Morris, who was the face of the Detroit Tigers’ pitching staff for the entirety of the eighties before spending the early nineties hopping between the Twins, Blue Jays, and Indians, has every right to be thrilled at the news. And the rest of us, especially those who were too young to see him pitch, have every right to ask…why Jack Morris? Why now?

To answer that question, I decide to watch the most famous performance of his career, the game that proved once and for all that he was a true ace and a true winner.


The Twins will win 1-0 in the bottom of the 10th, winning the second World Series title in franchise history and solidifying Jack Morris’s place in baseball history.

And when it’s over, I will be more convinced than ever that Jack Morris is not a Hall of Fame pitcher.



Completely Unbiased 3rd Party Lurker Posted: January 13, 2012 at 01:39 PM | 83 comment(s)
  Beats: braves, hall of fame, tigers, twins

BPP: Darowski: The Small Hall (of wWAR)


Joe recently wrote a post called To the BBWAA: Focus on the Great, Not the Very Good. In the post, Joe explains his “small Hall” stance. It’s not a stance I agree with, but I’ve been intrigued by the idea of a “small Hall” since coming up with my system to rank Hall of Famers (via Weighted WAR and the Hall of wWAR). To get a “small Hall” by wWAR, you just have to pick a higher cutoff than I use for my Hall.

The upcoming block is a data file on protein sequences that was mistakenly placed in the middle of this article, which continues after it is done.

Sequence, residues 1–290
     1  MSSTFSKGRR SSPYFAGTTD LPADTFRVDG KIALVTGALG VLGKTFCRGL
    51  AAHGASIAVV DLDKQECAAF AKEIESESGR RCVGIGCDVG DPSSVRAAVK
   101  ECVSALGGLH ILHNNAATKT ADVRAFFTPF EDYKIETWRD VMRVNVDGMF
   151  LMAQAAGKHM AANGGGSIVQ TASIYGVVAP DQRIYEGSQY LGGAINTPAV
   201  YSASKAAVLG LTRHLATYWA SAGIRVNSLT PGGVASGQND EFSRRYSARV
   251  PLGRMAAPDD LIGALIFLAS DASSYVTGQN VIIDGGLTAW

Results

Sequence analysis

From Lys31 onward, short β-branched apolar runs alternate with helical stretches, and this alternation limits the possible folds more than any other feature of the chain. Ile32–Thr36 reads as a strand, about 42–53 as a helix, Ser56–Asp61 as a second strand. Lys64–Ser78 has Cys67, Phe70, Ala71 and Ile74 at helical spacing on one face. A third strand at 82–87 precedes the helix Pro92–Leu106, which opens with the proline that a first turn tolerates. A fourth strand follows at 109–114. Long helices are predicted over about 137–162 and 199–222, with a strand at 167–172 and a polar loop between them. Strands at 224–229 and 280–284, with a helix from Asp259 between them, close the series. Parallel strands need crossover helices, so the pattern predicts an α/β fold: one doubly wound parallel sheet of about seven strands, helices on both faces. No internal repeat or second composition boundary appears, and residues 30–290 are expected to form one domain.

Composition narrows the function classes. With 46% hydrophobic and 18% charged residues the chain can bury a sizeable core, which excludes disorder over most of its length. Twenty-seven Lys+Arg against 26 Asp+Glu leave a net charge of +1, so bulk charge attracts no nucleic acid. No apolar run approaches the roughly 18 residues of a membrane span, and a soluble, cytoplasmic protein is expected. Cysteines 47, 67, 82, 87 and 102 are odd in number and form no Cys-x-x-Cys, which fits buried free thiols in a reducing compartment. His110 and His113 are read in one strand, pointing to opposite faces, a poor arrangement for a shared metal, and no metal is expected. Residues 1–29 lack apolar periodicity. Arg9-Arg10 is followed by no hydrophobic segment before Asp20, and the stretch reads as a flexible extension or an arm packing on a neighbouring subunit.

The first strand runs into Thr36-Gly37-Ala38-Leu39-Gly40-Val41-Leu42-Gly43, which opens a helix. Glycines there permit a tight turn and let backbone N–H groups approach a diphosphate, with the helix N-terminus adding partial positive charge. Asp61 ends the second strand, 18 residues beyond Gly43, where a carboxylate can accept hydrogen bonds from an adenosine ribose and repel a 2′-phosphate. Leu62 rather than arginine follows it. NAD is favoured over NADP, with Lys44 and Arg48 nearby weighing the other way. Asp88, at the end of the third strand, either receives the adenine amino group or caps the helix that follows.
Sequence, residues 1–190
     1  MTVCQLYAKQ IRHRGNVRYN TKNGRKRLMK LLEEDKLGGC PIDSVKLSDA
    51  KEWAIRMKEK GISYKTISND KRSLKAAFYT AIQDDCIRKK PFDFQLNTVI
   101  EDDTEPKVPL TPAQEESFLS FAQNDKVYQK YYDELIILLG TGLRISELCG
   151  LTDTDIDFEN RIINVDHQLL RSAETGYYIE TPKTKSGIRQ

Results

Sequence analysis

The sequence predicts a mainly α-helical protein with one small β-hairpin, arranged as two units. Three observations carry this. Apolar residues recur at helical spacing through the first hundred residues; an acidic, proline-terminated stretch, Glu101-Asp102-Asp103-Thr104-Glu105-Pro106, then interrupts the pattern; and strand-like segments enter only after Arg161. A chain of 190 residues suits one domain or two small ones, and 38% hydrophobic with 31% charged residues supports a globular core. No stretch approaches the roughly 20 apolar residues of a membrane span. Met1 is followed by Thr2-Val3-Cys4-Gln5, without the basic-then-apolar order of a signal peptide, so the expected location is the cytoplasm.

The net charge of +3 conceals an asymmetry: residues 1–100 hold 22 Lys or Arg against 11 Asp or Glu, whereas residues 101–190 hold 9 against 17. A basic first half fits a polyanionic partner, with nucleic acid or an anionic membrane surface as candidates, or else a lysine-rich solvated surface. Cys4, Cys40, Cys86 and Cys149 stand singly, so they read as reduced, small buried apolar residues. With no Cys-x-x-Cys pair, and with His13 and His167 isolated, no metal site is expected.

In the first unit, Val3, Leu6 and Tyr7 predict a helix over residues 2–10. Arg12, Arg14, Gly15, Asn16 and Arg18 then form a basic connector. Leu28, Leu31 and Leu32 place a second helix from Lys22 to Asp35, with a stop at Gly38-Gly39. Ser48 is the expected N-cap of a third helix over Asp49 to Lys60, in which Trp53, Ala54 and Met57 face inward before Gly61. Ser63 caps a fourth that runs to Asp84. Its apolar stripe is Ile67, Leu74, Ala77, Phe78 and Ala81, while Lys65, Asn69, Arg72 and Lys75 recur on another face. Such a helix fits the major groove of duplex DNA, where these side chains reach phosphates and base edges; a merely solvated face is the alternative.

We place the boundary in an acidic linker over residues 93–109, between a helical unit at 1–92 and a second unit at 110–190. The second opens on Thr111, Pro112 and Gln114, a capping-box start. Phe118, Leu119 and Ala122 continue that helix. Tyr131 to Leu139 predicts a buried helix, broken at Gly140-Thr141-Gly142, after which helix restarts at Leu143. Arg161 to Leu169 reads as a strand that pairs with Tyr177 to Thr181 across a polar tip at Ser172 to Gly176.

So, let’s see what a Small Hall of wWAR would look like.

Center Field

  Ty Cobb (305.5)
  Willie Mays (298.8)
  Tris Speaker (247.9)
  Mickey Mantle (228.4)
  Joe DiMaggio (145.7)
  Billy Hamilton (118.6)
  Duke Snider (115.0)

There are not very many center fielders in the Hall of wWAR. But gosh is the position top-heavy. Look at that. Four guys above 200 (225, even). And that doesn’t even include Joltin’ Joe and the Duke. Who’s next? There’s a huge 20 wWAR drop-off before we get to Jimmy Wynn (95.1). Then there’s Richie Ashburn (84.8) and 19th century stars George Gore (82.9) and Paul Hines (78.3). Exiting the Hall would be Ashburn, Hugh Duffy, Larry Doby (again, just because this is purely statistical), Earle Combs, Kirby Puckett, Edd Roush, Earl Averill, Hack Wilson, and Lloyd Waner.

Repoz Posted: January 13, 2012 at 12:59 PM | 65 comment(s)
  Beats: hall of fame, history, sabermetrics

Wezen-Ball: HOF Candidates as Prospects